One of the key narratives in the 2020 cycle (so far) has been the strength of the American economy. Last month, the jobless rate held at a 49-year low of 3.6% and the economy continues to expand with the country’s GDP growing at a rate of 3.1 percent through the first quarter of the year. Although a strong economy does not necessarily guarantee a president’s reelection chances, it generally indicates good things for an incumbent and allows for a clear and strong messaging strategy.
Recent polling across the country indicates that Americans are generally happy with the state of the economy and are optimistic about what the future holds. A poll from The Economist/YouGov from June 9-11 interviewed 1,500 Americans and found that 59 percent the economy is getting better or at least staying the same. A Fox News poll published on June 16 reflected similar views; 57 percent of those polled felt optimistic about the U.S. Economy. Furthermore, a Quinnipiac University poll from last week showed that a total of 70 percent of American voters believe the nation’s economy is “excellent” or “good.”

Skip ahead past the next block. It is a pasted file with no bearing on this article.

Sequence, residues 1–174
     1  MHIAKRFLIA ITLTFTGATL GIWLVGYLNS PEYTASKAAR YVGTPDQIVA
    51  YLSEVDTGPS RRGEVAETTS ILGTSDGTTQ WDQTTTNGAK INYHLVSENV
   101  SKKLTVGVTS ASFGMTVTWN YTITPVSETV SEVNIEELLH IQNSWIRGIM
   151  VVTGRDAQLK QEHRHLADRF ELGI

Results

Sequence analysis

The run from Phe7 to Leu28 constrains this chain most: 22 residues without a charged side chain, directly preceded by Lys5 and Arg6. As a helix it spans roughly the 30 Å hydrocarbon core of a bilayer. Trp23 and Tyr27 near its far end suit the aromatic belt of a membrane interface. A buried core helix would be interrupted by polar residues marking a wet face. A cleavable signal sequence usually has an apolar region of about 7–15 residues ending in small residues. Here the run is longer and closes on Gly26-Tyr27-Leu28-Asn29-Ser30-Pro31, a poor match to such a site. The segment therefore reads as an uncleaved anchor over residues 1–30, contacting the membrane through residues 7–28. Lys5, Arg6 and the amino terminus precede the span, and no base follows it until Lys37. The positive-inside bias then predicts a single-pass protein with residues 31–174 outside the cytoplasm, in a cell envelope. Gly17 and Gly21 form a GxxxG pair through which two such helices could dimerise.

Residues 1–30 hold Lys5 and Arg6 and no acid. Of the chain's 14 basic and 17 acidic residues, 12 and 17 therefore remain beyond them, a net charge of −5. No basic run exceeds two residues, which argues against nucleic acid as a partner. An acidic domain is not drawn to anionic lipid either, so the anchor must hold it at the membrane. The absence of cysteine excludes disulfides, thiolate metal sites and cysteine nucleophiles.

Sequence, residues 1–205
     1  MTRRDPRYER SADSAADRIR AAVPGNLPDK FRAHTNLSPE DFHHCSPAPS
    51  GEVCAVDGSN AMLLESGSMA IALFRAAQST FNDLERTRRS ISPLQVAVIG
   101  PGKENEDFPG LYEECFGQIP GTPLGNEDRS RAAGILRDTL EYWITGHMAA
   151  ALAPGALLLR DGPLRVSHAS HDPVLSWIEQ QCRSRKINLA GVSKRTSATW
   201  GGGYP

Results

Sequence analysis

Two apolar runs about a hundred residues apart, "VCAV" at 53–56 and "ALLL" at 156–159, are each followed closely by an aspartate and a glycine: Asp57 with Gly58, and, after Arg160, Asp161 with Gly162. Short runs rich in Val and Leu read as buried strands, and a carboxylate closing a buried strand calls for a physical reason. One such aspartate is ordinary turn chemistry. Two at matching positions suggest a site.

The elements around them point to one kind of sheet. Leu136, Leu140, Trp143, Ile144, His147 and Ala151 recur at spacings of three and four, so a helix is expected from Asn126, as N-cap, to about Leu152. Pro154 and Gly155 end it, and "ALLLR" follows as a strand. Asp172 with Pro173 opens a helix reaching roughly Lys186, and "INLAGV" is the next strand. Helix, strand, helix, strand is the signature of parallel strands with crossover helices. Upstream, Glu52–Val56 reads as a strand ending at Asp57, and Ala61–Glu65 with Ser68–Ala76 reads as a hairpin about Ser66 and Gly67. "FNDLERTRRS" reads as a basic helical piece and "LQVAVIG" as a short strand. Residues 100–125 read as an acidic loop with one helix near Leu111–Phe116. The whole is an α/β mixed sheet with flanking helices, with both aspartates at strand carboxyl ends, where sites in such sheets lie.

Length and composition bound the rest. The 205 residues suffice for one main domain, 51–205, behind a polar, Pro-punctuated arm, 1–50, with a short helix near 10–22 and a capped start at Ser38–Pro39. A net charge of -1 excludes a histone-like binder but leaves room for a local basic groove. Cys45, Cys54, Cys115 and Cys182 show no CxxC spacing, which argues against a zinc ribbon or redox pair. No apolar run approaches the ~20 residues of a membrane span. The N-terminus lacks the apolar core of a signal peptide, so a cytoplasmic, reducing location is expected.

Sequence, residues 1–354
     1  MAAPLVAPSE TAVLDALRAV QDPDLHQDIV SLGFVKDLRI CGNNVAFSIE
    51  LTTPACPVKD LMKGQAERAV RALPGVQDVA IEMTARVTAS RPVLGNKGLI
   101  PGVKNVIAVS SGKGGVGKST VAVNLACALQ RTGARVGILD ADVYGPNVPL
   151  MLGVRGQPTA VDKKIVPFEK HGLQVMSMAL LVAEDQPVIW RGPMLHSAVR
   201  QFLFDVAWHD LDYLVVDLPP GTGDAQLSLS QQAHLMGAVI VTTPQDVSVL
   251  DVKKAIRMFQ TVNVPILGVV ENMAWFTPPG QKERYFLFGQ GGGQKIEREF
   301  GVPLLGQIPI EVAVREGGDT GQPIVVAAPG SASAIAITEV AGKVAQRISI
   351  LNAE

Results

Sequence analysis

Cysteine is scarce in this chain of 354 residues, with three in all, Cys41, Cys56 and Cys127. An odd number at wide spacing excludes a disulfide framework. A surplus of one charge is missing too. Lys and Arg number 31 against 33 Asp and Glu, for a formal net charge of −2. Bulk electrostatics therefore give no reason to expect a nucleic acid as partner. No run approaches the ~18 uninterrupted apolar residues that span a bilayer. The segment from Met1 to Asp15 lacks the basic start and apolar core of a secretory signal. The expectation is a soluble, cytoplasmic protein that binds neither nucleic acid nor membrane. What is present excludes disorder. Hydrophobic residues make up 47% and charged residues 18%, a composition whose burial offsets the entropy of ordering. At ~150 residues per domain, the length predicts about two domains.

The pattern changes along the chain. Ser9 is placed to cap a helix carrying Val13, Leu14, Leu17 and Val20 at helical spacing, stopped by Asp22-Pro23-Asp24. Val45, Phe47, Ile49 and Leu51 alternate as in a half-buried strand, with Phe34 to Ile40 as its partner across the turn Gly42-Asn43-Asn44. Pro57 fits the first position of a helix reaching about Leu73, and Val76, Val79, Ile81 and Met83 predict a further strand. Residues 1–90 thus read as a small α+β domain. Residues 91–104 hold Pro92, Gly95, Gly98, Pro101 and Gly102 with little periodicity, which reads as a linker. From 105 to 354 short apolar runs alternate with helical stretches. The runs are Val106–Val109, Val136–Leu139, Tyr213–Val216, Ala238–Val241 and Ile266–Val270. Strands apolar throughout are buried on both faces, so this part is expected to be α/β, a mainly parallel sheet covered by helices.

The numbers continue to look good when the polling drills down to states that President Trump and Republicans need to win in 2020. In Michigan, a state the president carried by a fraction of a point in 2016, 59% of respondents in an Epic/MRA poll rated the economy as “excellent” or “pretty good.” The good news continues in Texas, where a University of Texas/Texas Tribune poll shows that 52 percent of those polled strongly or somewhat approve of the president’s handling of the economy. A 1st quarter Critical Insights poll of Maine voters showed that 22 percent believe the economy will be better in the next month with another 45 percent believing it will be about the same.
No doubt strategists will continue to keep an eye on these numbers as well as polling on other key issues like health care, impeachment, and the Green New Deal as they work to craft their messaging. With this in mind, AR/Intel has launched a new weekly feature for subscribers that will dive into polling numbers and highlight the most important trends on key issues.